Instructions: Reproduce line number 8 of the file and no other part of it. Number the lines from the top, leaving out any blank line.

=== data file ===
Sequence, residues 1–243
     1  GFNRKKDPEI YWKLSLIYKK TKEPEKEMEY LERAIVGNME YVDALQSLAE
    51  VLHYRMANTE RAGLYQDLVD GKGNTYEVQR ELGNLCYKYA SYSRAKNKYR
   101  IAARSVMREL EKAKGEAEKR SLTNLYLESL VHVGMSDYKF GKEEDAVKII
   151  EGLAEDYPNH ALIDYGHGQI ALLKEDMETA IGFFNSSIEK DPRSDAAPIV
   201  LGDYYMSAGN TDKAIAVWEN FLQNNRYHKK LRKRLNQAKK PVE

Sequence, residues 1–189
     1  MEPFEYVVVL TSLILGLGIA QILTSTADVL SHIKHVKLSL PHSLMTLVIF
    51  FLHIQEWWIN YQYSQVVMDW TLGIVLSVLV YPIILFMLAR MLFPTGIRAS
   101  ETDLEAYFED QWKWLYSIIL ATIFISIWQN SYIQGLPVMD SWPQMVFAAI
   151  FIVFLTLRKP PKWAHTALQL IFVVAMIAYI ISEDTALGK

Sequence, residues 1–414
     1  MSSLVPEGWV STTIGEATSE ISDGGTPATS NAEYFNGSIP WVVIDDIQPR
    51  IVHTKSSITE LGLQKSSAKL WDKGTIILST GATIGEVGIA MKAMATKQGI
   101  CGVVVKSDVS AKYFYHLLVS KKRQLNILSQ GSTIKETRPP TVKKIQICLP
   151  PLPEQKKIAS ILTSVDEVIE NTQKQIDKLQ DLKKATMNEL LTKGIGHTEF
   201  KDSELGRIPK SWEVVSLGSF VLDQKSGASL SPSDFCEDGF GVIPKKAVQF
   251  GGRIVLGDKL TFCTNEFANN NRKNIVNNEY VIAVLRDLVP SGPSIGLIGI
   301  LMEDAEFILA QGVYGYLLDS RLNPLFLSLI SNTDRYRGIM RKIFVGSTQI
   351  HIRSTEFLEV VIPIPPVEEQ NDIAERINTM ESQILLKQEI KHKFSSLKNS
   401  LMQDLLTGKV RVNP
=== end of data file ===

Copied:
     1  MEPFEYVVVL TSLILGLGIA QILTSTADVL SHIKHVKLSL PHSLMTLVIF